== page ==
Aquaponic Gardening

A Community and Forum For Aquaponic Gardeners

Hi All,

(new here, first post)

We (my wife and I) are planning a new greenhouse this summer (in Michigan), and I'm in the planning stages of designing our first AP system.  I had originally thought of going with one of the Nelson & Pade systems so as to skip over the guesswork of planning a system.  But after much thought and research have decided that a media based system is best for us.  I've spent hours reading through this forum and Murray's forum as well.  Watched DVD's and looked at many different system designs here and elsewhere on the web.

 

Our plan is to start relatively small to learn what we're doing with AP, but size the greenhouse so that we can scale up and eventually (a year or more down the road) to fully feed our family of five, plus maybe a small CSA or farmer's market action... but that's a ways off.

 

So the thing I'm trying to get my head around now is the multiple fish tank question. With the Nelson & Pade system, they have 4 tanks so that harvesting fish only takes out 25% of the fish at any one time.  I don't see any single systems here with multiple tanks, but did find a discussion about cages or dividers.

 

My current thought process is to build our starter system 1/2 or 1/4 size of what we'll eventually need (with an oversized pump), then after having some success with both the plants and fish, add another FT and another set of GB to the same system. Repeat as necessary.

 

Aside from the extra plumbing, and separate feeding process, would it be better to have 2, 3 or 4 smaller tanks, vs one larger one?

 

Thanks in advance for your input !

Paul

 

 

 

Views: 209

Reply to This

Replies to This Discussion

Well, depends on the fish you are going to grow too.

 

In a media based system where you are not removing the solid wastes, you are not nearly so dependent on fish numbers to keep the nutrients up for your plants since the solids are always slowly breaking down and providing more nutrients over time.  A system where all solids are retained in the system requires less fish for the same amount of plant growth and you have some buffer if you were to empty the tank and not restock immediately.

 

But, How often is your family likely to eat a whole tank full of fish?  And unless you get an aquaculture permit or set up a commercial fish processing facility, I don't expect you to be selling the fish to the CSA or market much. The primary reason for multiple tanks is for grading fish and harvesting a complete fish tank for sale but on a home scale system you are not very likely to grow enough fish to make selling them worth your while.  You may still find veggie sales to the CSA or Market worthwhile.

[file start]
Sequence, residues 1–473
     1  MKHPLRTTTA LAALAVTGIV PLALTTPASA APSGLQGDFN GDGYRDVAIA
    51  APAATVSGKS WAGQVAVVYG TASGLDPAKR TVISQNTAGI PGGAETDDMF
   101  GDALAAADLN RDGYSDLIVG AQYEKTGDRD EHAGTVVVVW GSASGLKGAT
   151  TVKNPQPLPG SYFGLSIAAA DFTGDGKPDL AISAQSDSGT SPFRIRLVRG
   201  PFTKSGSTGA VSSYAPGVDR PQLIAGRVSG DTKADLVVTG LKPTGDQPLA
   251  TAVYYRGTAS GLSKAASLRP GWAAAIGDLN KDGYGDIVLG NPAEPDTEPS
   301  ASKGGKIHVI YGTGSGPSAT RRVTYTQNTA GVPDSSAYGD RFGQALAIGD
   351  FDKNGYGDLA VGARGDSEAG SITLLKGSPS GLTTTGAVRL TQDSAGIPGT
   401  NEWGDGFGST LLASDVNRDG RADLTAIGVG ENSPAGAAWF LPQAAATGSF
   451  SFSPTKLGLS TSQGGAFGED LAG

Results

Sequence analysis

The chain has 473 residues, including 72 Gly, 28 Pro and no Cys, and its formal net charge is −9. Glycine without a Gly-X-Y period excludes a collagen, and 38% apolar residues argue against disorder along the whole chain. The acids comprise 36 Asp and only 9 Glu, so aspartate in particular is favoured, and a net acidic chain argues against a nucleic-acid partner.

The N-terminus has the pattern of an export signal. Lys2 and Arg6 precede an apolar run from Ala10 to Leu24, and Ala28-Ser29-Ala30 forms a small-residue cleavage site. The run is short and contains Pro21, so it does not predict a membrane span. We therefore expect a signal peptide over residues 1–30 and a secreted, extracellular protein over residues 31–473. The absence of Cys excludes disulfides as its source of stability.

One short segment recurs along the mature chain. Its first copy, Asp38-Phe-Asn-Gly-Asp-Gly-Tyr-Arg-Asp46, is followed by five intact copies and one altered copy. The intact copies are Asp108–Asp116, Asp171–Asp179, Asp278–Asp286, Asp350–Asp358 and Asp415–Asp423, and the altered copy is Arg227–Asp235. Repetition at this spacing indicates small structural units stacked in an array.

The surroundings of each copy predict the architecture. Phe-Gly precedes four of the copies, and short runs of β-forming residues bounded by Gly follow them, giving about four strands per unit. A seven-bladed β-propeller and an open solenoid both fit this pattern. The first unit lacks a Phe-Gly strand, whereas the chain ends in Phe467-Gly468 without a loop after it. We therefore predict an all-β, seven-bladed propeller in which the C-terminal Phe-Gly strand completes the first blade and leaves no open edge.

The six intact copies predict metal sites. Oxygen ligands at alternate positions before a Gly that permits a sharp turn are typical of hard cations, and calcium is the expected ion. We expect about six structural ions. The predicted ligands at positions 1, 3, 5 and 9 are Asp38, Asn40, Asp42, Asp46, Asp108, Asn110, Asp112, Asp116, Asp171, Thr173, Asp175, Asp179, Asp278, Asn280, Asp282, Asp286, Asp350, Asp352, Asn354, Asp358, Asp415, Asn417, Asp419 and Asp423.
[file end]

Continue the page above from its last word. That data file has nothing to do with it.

Now I can see where more than one tank can be helpful but I can also see where having a couple totally separate systems can help if you were to have a disease outbreak perhaps it would only get one system rather than everything.  I like fish tanks between 300-700 gallons.  And I'm talking the actual amount of water in the tank since you really can't fill them to the rim and not expect fish to jump out.

 

I've got three systems.  The big system has channel catfish in a 700 gallon main fish tank and a 100 gallon fingerling tank that has a bed next to it and that can be isolated when I get new fingerlings.  I also have a separate tower system with a 300 gallon tank and in the back yard my 300 gallon system which is based on a 300 gallon stock tank as fish tank and then I have six 100 gallon grow beds being fed in sequence.

 

To make harvest easier you might look into crowding nets or happas nets that may also be able to help grade the fish as well.  I don't think I would want anything larger than a 1000 gallon tank.

 

We usually just net out a few fish when we want them.